The General Assembly reconvened this past Wednesday to consider Gov. Henry McMaster’s line-item budget vetoes. There were 42 to vote on and you may read them in detail here.
One of the more controversial vetoes was Veto 38. The Governor objected to the budget line that funded the creation of an education data warehouse. The Governor expressed concern that the personal data of South Carolinians would be put at risk for no good reason. I agree with him completely.
Having served on the House Education Committee for a few years now and noting that the budget line dealt specifically with the creation of an education data warehouse, I researched the background of this budget line before the vote yesterday.
The budget proviso was to create a central data collection center that would store and transmit South Carolina student data to the federal Department of Education (DOE). The feds require the states to provide this data in exchange for federal funding under the Carl D. Perkins Career and Technical Education Act (Perkins). The funding goes to students from middle school to tech school. Perkins grants were first authorized in 1984 and have been reauthorized four times including the most recent in July 2018. South Carolina students have received and are currently receiving Perkins grants.
What conclusion relevant to the veto can be gleaned from this information? South Carolina state government already provides DOE with the student’s detailed personal data. The data warehouse was to make the collection and transmission of the data more efficient. Gov. McMaster was still correct to veto it for bigger reasons.
As an unreconstructed conservative, I still have a fundamental problem with the feds dallying with South Carolina’s educational system. The federal government’s extortion of our student data in exchange for Perkins grants is but another symptom of the vast overreach by the feds into every facet of our lives.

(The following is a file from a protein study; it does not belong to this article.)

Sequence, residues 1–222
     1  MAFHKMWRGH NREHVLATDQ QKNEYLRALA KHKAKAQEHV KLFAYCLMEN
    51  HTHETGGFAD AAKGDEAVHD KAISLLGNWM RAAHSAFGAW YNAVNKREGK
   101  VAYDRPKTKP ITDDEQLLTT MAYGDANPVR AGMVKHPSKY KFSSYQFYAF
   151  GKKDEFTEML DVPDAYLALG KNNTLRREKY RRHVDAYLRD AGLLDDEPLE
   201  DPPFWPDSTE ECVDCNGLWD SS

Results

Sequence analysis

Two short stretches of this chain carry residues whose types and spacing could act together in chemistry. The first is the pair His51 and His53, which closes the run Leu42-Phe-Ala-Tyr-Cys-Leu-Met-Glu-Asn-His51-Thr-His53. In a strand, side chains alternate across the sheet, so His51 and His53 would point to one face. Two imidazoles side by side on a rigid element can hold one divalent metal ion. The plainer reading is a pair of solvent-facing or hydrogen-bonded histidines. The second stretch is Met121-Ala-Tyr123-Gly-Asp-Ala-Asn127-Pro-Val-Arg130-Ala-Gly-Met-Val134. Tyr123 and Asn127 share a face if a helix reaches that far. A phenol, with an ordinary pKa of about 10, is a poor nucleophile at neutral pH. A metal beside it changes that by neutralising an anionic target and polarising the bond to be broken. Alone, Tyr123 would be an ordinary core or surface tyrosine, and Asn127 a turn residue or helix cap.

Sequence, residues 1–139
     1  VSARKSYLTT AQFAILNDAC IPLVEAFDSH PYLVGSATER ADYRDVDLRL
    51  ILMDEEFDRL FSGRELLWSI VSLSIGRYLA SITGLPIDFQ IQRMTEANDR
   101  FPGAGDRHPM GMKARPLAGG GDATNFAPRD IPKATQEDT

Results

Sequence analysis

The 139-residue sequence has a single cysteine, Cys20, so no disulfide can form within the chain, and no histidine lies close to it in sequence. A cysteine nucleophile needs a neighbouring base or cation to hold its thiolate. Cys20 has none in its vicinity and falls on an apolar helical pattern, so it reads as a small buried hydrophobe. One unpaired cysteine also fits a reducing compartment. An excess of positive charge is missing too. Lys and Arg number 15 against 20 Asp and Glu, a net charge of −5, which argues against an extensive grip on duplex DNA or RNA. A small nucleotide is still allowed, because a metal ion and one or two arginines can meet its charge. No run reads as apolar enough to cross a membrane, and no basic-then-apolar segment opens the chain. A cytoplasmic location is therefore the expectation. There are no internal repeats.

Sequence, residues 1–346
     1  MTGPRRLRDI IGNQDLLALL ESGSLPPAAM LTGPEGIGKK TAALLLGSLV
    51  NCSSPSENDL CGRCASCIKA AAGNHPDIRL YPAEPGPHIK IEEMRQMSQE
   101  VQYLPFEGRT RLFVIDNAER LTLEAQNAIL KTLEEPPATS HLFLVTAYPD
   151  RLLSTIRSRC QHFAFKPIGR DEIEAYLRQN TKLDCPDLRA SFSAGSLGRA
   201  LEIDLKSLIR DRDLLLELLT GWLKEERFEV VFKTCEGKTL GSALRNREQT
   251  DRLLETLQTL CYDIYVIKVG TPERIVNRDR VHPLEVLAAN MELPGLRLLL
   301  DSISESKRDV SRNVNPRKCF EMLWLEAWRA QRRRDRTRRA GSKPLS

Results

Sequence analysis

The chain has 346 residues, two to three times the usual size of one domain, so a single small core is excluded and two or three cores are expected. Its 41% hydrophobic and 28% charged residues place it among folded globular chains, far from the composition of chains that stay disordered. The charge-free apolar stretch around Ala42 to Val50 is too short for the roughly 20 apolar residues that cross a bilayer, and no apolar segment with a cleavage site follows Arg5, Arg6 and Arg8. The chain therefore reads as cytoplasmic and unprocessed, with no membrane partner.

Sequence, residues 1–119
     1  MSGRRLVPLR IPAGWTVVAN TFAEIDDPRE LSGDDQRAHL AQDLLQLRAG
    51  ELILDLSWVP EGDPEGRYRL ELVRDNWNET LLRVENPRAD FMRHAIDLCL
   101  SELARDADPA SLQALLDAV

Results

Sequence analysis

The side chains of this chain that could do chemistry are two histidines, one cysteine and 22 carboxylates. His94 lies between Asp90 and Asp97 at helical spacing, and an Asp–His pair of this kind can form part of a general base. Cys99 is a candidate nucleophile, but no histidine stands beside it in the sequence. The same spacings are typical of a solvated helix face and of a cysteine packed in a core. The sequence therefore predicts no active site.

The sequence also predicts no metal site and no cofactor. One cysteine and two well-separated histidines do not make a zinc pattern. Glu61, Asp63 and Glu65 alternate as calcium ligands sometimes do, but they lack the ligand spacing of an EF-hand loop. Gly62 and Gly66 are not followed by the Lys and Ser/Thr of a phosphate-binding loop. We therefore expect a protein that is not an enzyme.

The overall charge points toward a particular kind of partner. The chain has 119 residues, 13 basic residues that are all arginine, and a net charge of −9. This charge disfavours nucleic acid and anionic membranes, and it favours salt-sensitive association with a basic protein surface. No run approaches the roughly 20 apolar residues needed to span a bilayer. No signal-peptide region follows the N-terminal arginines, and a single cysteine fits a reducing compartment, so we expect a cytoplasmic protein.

While the vetoes were being debated, I reflected on those times in our history when our General Assembly traded power to the feds for easier access to the federal money trough. Democrats were running the Statehouse then so maybe the hooks did not feel as sharp. FDR’s New Deal programs and LBJ’s Great Society came to mind as I voted to sustain Gov. McMaster’s veto on funds to preserve historic buildings and promote children’s theaters – worthy causes indeed but worthy of private donations.
Republicans control the South Carolina General Assembly. Republicans also control Congress, yet I never hear that Congress has passed a budget cutting any of those old Great Society programs that give federal matching dollars to the states. You know, federal programs that grant funds for historic building preservation, children theaters and Planned Parenthood.
Planned Parenthood still receives federally sourced funds to work in our state in spite of state Republican efforts, both in the Legislature and the Governor’s office, to run them out. Planned Parenthood remains here because of our Republican controlled Congress. Remember that the next time a Republican member of our congressional delegation talks about his conservative credentials.
For those wondering what happened to Veto 38, it was sustained. Gov. McMaster was right to veto it not just because of the education data warehouse but for the fundamental fact that the federal government thought they are owed it.